Jackie Chan: Tips for animators

John Towsen has posted a couple of great videos from Jackie Chan on how he develops his action scenes. The videos are from a hard to find DVD “My Stunts”. But it’s all available on youtube in 10 parts. It’s totally worth watching to better understand what it takes to create exciting entertainment.

The great silent comedians were all first rate stunt men. Jackie Chan was a great stunt man who became a star. Watching him work is probably very similar to the way Buster Keaton and Harold Lloyd made movies. It’s great to see a filmmaker who isn’t locked into a screenplay for his work. He’s clearly thinking about the audience and how to be entertaining, on a small budget.

Here is part 1.

In part 2 Listen for the phrase “let the audience know”. He choreographs to make it clear for the audience what he’s doing.

In part 3, we see a lot of falls. There are lots of exciting shots in this part.

Part 4 has examples of on set gag development.

In Part 5 they use toy cars to develop ideas for how to have cars perform stunts as if the cars were actors. Jackie’s stunt lab is introduced in this part.

Part 6 gets into wire work. It’s interesting how they use small wire effects to build up regular stunts. By making feet fly out from under an actor, they create a much more powerful impact. I wonder if animation needs more glass breaking.

Towards the end of part 7 he displays his research room, where he collects photos and ideas for stunts in future movies.

Part 8 is all about improvisation with whatever objects he finds, as well as adding flourishes and comedy and making it “pretty”. Setting up falls to have visual impact.

Part 9 shows the work that goes into getting good takes that have a natural rhythm, precise timing and good composition.

Part 10 Jackie shows how he demonstrates character in his action. “You have to be yourself, and more creative.”

I wonder how this compares with the Animation Mentor combat seminar?

Commedia dell’arte and animation

The commedia dell’arte was an Italian theater of improvisation, developed in the mid sixteenth century. The literal translation is “the comedy of artists.” Performing in the outdoors, they would work from a basic scenario, with none of the action or lines fixed by a script. The beginning and ending were basically understood by the actors, and what occured in between was created on the stage. In order to maintain the laughs, they had developed an arsenal of possible dialog and physical gags, called “lazzi” which the entire cast would be prepared for.

The cast of characters usually included a merchant, a doctor, a soldier, two lovers and two servants. Once an actor or actress had assumed a role, it was kept for life. They lived and breathed the parts and knew exactly what their character would do in any situation. Much of the comic action came from the two servants, who were called “zanni”, the origin of the English word zany. Usually the pair included a quick witted first zanni, and slow witted second zanni.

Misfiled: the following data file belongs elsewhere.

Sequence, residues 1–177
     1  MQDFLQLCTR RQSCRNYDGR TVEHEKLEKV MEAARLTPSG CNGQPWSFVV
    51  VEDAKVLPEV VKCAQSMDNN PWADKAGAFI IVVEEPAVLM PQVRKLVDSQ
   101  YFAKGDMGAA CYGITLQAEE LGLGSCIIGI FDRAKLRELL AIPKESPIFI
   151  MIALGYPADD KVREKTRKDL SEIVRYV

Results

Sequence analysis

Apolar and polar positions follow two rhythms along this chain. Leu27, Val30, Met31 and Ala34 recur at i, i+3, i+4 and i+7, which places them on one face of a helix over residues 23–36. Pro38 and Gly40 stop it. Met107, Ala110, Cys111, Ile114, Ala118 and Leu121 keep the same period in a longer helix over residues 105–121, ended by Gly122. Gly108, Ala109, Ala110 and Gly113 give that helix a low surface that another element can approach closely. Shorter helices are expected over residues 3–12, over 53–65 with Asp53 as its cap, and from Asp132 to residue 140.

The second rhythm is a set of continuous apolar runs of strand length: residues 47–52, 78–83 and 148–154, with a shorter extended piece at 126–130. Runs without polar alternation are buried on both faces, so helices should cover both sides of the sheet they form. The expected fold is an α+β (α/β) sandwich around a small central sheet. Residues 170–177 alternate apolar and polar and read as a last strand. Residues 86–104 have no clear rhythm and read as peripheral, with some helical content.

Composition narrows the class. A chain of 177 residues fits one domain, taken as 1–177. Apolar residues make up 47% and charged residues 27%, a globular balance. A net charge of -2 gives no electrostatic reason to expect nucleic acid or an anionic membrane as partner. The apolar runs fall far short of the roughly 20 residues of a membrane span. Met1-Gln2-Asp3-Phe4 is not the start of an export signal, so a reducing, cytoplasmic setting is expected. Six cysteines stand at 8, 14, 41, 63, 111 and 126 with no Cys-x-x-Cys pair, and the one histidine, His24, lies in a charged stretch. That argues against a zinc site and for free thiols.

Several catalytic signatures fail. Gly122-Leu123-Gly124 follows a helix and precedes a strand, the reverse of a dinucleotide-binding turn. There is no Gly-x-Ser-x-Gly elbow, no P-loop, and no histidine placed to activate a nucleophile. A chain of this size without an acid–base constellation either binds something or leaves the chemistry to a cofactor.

Here is a good intro video:

The classic commedia was an actor centric theater. The troupes traveled in search of audiences and worked hard for very little money. Eventually a man named Goldoni began setting the various stories into scripts and producing stage plays for serious money. Gone were the wild and unpredictable performances, Goldoni’s actors did as they were told.

I can see a relationship to animation here. Animators are actors, and are quite capable of producing great entertainment. Goldoni, like modern producers, was a smart businessman who capitalized on the commedia styling. I’m not saying one was better than the other, I’m just saying that the business of entertainment has been the same for centuries, and it’s good to understand the contributions of artists and impresarios alike.

Jim Henson: The Biography

If you are a student and want to create good animation, you are probably studying the fundamentals of the art, learning software, and developing your aesthetic judgment.  If you want to have a career in the industry, it would be wise to also learn about how other people have found success.  Reading biographies can provide some valuable insight into potential routes to take, or mistakes to avoid.  There are some good biographies of great animation directors out there, but I would like to recommend Jim Henson: The Biography by Brian Jay Jones as being every bit as relevant and interesting.